The 35 states that have revenge porn laws, those are those are criminal actions. And so it’s the state or in some cases, if we get the federal law passed it’s the United States, versus the offender. And it’s up to prosecutors and law enforcement to work through those those cases. Defamation is never going to be a criminal matter so it’s always going to be up to the victim too to raise it.

 

Rose: Which means that a defamation case is WAY more expensive for the victim than a revenge porn lawsuit.

 

Carrie: Lawyers are expensive, and unless the offender has money then lawyers are not going to be taking on contingency.

 

Rose: But regardless of what kind of court the victim can use to seek justice here, the results of revenge porn — computer generated or otherwise — are the same.

 

Carrie: The results would be exactly the same. I mean, a person would be equally humiliated and attacked on the Internet. And if these were to show up on the Internet they’re just it’s likely to go viral.They’re just as likely to impact the person’s search engine results. They’re just as likely to be sent around to all of her friends and family in an act of vengeance. Even if it’s not real and they know it, you can’t unsee something. If you see somebody engaging in some sort of sexual act, you might know that they never did that, but you still have that image in your head.

 

Rose: One of the things I’m really interested in, in this future, is how it synchs up with the way that our online identities have changed over time. It used to be that having a profile online was kind of a fun thing to do, but it wasn’t crucial to work or relationships. Today, in a lot of industries, you kind of have to have an online profile of some kind, whether it’s Linkedin or Twitter or whatever it is.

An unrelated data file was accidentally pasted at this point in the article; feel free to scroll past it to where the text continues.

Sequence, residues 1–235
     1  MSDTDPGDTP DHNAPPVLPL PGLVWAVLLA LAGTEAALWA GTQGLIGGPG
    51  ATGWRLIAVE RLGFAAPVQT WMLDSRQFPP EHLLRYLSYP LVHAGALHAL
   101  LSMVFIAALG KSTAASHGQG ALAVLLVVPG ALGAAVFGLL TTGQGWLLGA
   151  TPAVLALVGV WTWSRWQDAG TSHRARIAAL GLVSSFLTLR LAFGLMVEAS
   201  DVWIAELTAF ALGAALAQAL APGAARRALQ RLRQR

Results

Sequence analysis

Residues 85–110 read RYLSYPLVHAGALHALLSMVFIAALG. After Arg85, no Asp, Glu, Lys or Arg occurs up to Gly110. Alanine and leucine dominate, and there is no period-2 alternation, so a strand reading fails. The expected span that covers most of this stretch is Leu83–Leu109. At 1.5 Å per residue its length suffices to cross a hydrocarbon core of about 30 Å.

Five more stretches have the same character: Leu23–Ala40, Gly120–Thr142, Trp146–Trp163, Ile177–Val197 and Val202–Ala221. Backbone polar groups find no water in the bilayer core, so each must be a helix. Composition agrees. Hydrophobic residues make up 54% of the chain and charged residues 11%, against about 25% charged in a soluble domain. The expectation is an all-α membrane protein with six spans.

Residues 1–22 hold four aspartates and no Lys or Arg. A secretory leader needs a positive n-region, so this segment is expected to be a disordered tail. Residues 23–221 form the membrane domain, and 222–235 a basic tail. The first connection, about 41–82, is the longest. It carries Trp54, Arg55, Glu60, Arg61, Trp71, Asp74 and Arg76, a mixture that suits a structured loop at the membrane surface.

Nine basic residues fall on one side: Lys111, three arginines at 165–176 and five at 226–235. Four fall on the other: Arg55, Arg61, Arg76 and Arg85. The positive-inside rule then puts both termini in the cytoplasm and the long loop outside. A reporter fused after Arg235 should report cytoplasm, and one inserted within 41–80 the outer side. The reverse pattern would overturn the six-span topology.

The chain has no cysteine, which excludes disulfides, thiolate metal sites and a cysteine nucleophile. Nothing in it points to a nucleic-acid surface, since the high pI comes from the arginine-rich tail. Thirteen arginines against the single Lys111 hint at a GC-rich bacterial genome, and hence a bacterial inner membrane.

In fact, there is currently a case in front of the Supreme Court here in the United States that considers whether or not access to Twitter and Facebook is a constitutional right. The case looks at a law in North Carolina that bars sex offenders from accessing websites like Facebook and YouTube. The lawyers involved here argue that not allowing someone access to those sites violates their constitutional rights. In their initial argument, the justices pointed out that not having access to a site like Linkedin has serious consequences for people. And without access to Twitter, citizens miss out on statements by their elected representatives. Being a part of these online communities isn’t just a fun luxury for people anymore, it’s how they get jobs and communicate with potential employers. It’s how they meet new people, talk to their representatives, and hear about local news.

 

CARRIE: I talk about that all the time about just the the value the monetary value of our our online identities. And there really is no line of demarcation between our online selves and our selves. I mean, I would never hire somebody or go on a date with somebody if I didn’t look them up online. I mean, I’m renting out my apartment right now and I won’t even let anybody look at it until I’ve done a google search on them. So it’s basically like the big validator, if you meet anybody they’re going to look you up online. If there’s fake videos of you killing puppies, then even if somebody is like, oh that’s clearly fake, they at least know, oh well this is somebody who is a high drama person because there is somebody who hates her enough to make this video.

 

Rose: So for a lot of people, online identity is incredibly valuable, I would argue more valuable than it ever has been. So, in this future, where anybody can make a video of anybody else doing anything they want, was does that do to the value of that identity?